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SPOTLIGHT PICKS!

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Over the Wall: Another week, another Uncivilized Books release, but this time it’s a debut graphic novel, albeit heavily reconfigured from an initial webcomic version. The artist is one Peter Wartman, and the scenario sees a young girl searching for a lost sibling in a city devoid of memory. I’ve really enjoyed Uncivilized’s rather old-school Direct Market-style adventuresome comics releases so far — James Romberger’s Post York springs to mind first, but Zak Sally’s Sammy the Mouse, what with its religious connotations, grotesque gag work and cross-cut depictions of societal failings in a mysterious fantasy universe, is covertly as Cerebus as all holy fuck — so I’d be very willing to follow the publisher into this comperably uncharted region. Preview; $14.95.

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The Twin Knights: Osamu Tezuka. Sometimes, his works seem to comprise half of the ‘vintage’ manga available today. When the book is written on this phenomena — a small book, maybe — it will be a fascinating study of the tricks of history and promotion that lead an artist into a place where even the most overworked culture writer and oblivious neophyte can find that one thing to link them, however tenuously, to some understanding of a great and obscure tradition. Still, conservative that I am, it seems churlish to begrudge the dead author his prominence, when even ‘new’ popular works struggle for dimes flicked over the shoulders of a departing audience. Anyway, this is a 320-page release from Vertical, constituting Tezuka’s 1958 re-imagining of his girls’ comics smash Princess Knight — the sort of breathless, careening, everything-but-the-kitchen-sink entertainer that keeps me coming back to Tezuka in the first place, available in two earlier Vertical volumes — as a short serial for even younger kids, concerned with a princess’ masquerade as a boy in pursuit of her kidnapped brother; $13.95.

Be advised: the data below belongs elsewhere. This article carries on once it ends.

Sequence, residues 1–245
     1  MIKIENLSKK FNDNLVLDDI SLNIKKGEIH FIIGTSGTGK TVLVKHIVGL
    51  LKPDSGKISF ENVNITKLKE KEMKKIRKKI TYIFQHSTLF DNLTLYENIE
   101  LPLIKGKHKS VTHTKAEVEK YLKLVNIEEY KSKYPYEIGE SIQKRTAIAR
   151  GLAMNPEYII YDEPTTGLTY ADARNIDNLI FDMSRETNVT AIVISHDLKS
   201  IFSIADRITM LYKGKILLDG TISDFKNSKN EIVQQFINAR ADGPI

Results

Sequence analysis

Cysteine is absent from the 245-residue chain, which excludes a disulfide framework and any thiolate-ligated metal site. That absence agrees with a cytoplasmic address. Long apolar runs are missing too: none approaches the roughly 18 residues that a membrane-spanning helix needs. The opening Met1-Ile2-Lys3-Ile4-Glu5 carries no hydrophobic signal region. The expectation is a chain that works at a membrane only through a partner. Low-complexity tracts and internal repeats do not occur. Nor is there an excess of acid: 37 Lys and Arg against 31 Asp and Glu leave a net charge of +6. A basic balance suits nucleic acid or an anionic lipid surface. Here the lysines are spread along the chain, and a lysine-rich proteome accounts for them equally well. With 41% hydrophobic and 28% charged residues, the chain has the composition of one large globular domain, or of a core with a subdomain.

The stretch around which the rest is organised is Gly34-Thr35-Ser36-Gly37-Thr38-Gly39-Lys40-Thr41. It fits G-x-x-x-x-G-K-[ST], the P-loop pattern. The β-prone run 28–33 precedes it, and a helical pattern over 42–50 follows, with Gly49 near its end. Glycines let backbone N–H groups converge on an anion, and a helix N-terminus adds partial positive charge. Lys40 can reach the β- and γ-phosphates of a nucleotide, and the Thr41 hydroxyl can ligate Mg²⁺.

PLUS!

A Bag of Marbles: The Graphic Novel: Hmm, what’s going on in mainstream book-publishing comics? Adaptations of successful prose releases? Weighty considerations of worthy historico-political topics? BOTH?! Yes, it’s Lerner Publishing with a 128-page YA-market poised comics version of Joseph Joffo’s 1973 account of a childhood in flight from Nazi forces in occupied France. Still, I’d flip through this to check out the art by BD veteran Vincent Bailly, who originally serialized the work for the French market (2011-12) in collaboration with scriptwriter “Kris” – very nice watercolor-type visuals here, hopefully not too cramped at reduced 7.7″ x 10.6″ dimensions. Many samples; $9.95.

Fagin the Jew: Elsewhere, in more Direct Market-targeted corners of comics, some separately literary shit goes down as Dark Horse presents a 10th anniversary hardcover edition of Will Eisner’s fictive criticism of anti-Semitic tropes active in Dickens’ Oliver Twist. It’s 136 pages at 6.5″ x 9.25″, with a foreword by Brian Michael Bendis and an introduction by Jeet Heer. Preview; $19.99.

Dial H #15: The readable DC comics continue to drop like flies, as this week brings the final episode of China Miéville’s mad saga of superhero appropriation, drawn for this extra-sized installment by Alberto Ponticelli. Note, however, that a coda of sorts is scheduled for next month’s Justice League #23.3: Dial E, in which Miéville will debut 20 new villains over 20 pages with the assistance of 20 artists, no doubt in the interests of pushing corporate superhero comics further along where they’re going; $4.99.

Trillium #1 (of 8): But each ending brings a new beginning when there’s a publishing slate to fill, and now writer/artist Jeff Lemire, a reliable mainstay of recent DC superhero scripts, explores a new Vertigo concept with this tale of interstellar botany, post-WWI conquest of the wild, and a colorful unraveling of time and space. Preview; $2.99.